Ian andrews on Thu, 1 Nov 2001 19:52:31 +0100 (CET)

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RE: <nettime> the myth of democracy + christianity

>There is no equating counter globalisation protesters (which is, to
>say the least, a very hetrogeneous mix of bodies, groups, peoples,
>organisations, movements, etc) with those that would institute some
>form of 'fascistic' rule - right wing christians, neo-liberalists,
>fascists, etc. The two 'groupings' aims run completely counter to one

Nik, you have totally missed my point. At no time have I ever suggested such a
thing. You are grossly oversimplifiying my argument and misrepresenting me in
the process. What I am saying is that there appears to me to be a limitation
within the thinking of the various groups (not all) that constitute the
counter-globalisation movements. This limitation involves an inability of the
groups to theorise themselves in relation to the state (or authority in
general),in a way other than in terms of a simple opposition. This tendency has
been around for quite a while in leftist politics (you are right to say that
anarchism is a particulaly vague term, which is why I purposely avoided it).
The fact that this same simple opposition to authority, and the state, is
shared by certain born-again Christian groups was my point. Now, examine the
reasons why the two groupings' aims run counter to one another. Putting it very
simply, one group supports the rights of the powerless, oppressed minorities
and their difference, while the other vilifys them.  The group that supports
the rights of others does so by managing to get legislation passed which aims
at protecting the rights of the others. I can't think of an example where the
same result has been acheived in any other way. So the question is, how can
this protection of others be instituted without the resort to some form of
authority? Surely you can see from this rather simple example that the problem
is not an easy one. I'm not saying that it is not possible but it is a problem
that will involve some thought. The examination of some democratic processes,
in the hope that we might find some useful tools that may help in thinking this
problem through, is in my opinion a good place to start. Of course the ideal
democracy is a myth. No one here, neither Kermit or Marcus or myself has said
anything to the contrary. Of course there has never been a "real" democracy.
None of us have ever suggested that there has been, or that we should return to
some mythological past. But the slogan "democracy is a myth," should not be
used as a device to limit any further thought in its direction.

The other question you must look at is how to manage direct participation.  You
must first look at what seperates it from mob rule, otherwise you may be
placing your bets on a kind of fluffy (and maybe even dangerous) idealism.

A good place to start might be Spinoza's materialism (in particular the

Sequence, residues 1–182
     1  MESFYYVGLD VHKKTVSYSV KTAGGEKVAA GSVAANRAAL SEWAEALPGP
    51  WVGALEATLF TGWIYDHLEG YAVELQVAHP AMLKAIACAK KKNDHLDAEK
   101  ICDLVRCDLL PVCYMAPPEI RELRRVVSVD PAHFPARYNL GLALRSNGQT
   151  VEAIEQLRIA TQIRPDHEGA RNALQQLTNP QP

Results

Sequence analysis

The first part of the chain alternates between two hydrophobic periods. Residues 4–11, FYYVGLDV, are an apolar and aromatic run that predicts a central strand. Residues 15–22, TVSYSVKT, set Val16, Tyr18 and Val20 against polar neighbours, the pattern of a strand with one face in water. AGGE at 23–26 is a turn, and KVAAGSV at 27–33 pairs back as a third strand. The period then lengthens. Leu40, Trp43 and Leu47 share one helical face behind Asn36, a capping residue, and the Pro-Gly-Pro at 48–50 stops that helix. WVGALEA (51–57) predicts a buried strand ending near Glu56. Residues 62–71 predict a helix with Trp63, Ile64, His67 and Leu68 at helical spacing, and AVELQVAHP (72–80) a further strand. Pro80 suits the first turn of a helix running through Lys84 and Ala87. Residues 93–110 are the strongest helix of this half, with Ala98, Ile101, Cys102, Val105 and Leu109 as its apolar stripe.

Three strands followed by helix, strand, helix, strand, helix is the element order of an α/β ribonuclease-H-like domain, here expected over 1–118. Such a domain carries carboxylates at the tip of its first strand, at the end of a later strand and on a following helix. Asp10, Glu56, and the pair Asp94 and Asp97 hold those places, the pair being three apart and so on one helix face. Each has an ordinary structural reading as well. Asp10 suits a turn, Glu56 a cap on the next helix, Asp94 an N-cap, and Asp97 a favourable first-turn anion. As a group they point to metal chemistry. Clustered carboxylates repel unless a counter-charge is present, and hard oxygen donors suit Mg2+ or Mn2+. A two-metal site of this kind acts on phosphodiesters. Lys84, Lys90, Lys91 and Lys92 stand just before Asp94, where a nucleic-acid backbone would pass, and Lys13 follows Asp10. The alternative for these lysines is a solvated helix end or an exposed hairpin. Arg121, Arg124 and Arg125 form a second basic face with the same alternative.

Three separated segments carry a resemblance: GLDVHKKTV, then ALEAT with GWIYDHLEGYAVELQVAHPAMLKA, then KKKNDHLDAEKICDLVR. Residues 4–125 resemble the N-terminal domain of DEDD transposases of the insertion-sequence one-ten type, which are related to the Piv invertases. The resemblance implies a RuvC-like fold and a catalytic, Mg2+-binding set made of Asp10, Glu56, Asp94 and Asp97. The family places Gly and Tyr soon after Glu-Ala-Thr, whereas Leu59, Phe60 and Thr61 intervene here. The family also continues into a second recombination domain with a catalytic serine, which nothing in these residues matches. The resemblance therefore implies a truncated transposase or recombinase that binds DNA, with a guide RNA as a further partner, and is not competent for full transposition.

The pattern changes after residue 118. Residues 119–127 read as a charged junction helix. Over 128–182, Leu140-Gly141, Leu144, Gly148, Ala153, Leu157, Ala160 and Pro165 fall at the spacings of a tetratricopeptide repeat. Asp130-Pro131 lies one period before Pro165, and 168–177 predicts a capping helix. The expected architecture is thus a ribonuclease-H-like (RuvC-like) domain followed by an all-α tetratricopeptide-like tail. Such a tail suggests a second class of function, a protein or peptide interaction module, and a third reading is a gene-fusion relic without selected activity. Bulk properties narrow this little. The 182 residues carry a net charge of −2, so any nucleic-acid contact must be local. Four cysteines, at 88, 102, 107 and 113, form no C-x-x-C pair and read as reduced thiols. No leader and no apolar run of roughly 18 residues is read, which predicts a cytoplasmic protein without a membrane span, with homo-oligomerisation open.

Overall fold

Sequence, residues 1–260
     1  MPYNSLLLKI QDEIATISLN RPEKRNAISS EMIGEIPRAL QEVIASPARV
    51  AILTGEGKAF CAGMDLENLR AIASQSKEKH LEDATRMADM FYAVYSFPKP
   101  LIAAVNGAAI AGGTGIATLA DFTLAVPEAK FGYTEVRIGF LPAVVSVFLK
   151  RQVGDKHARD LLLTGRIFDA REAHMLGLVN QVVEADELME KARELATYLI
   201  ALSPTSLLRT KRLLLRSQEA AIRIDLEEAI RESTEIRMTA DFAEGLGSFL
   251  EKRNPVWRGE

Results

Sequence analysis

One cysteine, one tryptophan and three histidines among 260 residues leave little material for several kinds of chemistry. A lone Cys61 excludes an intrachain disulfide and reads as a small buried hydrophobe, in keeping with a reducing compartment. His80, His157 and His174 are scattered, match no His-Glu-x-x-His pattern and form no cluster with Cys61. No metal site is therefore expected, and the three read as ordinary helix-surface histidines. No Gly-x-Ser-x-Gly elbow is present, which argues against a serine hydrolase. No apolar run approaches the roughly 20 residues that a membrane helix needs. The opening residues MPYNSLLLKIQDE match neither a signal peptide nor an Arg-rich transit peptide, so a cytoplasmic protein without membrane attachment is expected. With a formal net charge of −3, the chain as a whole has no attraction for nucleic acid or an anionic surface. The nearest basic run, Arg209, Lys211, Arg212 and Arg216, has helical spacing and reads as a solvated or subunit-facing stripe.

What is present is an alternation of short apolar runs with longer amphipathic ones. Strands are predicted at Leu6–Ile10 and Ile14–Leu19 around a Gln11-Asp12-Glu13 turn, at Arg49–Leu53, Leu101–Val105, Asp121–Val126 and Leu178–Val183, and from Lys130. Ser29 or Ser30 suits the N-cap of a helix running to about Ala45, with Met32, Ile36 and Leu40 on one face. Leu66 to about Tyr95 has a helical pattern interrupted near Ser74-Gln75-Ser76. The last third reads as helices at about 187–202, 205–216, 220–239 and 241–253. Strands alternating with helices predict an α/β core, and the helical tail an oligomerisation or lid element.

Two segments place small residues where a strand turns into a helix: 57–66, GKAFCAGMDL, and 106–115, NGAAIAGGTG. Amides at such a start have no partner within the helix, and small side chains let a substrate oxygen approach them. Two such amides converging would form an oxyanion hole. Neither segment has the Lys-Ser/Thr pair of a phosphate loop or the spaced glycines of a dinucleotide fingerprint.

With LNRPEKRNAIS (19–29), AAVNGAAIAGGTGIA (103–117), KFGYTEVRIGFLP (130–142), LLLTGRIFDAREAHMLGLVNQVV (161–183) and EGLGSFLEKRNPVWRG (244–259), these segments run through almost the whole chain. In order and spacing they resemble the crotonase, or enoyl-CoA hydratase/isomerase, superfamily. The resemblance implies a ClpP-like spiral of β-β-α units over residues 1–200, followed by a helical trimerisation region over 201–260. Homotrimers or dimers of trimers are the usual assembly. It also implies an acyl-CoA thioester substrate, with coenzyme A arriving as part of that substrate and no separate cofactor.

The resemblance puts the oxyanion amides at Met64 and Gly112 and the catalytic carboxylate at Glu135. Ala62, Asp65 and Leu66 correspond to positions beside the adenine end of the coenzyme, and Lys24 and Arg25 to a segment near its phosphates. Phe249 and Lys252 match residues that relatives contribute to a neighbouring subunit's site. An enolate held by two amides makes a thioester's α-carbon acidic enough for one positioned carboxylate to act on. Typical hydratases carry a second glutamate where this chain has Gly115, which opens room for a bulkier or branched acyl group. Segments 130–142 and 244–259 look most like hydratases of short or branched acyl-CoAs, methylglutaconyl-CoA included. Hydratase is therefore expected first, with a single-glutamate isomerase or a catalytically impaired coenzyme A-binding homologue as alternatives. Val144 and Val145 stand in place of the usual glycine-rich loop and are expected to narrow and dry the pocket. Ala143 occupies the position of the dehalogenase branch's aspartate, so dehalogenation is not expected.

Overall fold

_Tractatus Theologico-Politicus_). Spinoza is a favourite of Negri and, of
course, Deleuze, who sees him as part of a counter tradition of dissenters and
(anti-Aristotlian)freaks, including Machiavelli, Nietzche, Marx and Freud, as
opposed to the bougeois tradition of Hobbes, Kant, Hegel, etc.  These two
philosophers see in Spinoza the possibility of a radical materialism that
dispenses with Hegelian teleology. Spinoza puts forward the suggestion that we
are all part of a materialist collectivity. In doing this he rejects the
Cartesian mind (soul) and body split. This eventuates in a theory of
subjectivity radically different from bourgeois individualism (the basic theory
of neo-liberalism). It is from here that Deleuze and Guattari take their
concept of "machinic assemblages." It is interesting to note that the last
thing that Spinoza wrote about, and left unfinished, was democracy.

But I still have problems with both Negri and D&G. With D&G (who I am more
familiar with) it is not their direction, but rather their methodology that I
find problematic. For instance, _Anti-Oedipus_ is a very different book than
_1000 Plateaux_. The first is a playful, irreverant Dionysian punk rant against
the monoliths of Hegel, Marx and a certain Freud. This text resists an
authoritative reading, and it a mistake made by many to do what can't be done -
ie. to hold it up as an authoritative text. _1000 Plateaux_, on the other hand,
is much more authoritative (though it pretends not to be).  It constantly
builds concepts that, although they attempt to be fluid and non-hierarchic
(rhizomatic), can't help solidifying.  This is where I find Derridean
deconstruction useful. It finds a way to make use of a concept while, at the
same time, not allowing that concept to settle into a hierarchy of knowledge.
It does this by carefully and rigorously describing what it does, at the time
of doing it - its basic premise is that there is no transcendental idea,
outside of language - "there is nothing outside the text." But deconstruction
always ends in aporias.  It casts everything into doubt. We need to think the
next step, which necessarily includes deconstruction and not its abandonment,
as well as continuing the trajectory of Spinoza, Nietzshe, Marx and Freud. A
certain spirit of the Enlightenment, and a reconfiguration of certain
democratic ideas might be useful here. That, and NOT an attack on activism, has
been the gist of my last three posts.

Ian Andrews
Metro Screen

Email: i.andrews@metroscreen.com.au
1981 - 2001 Metro Screen is a celebrating 20 years of access and
innovation in independent screen production.

Metro Screen
Sydney Film Centre
Paddington Town Hall
P.O. Box 299
Paddington NSW 2021
Ph : 612 9361 5318
Fax: 612 9361 5320

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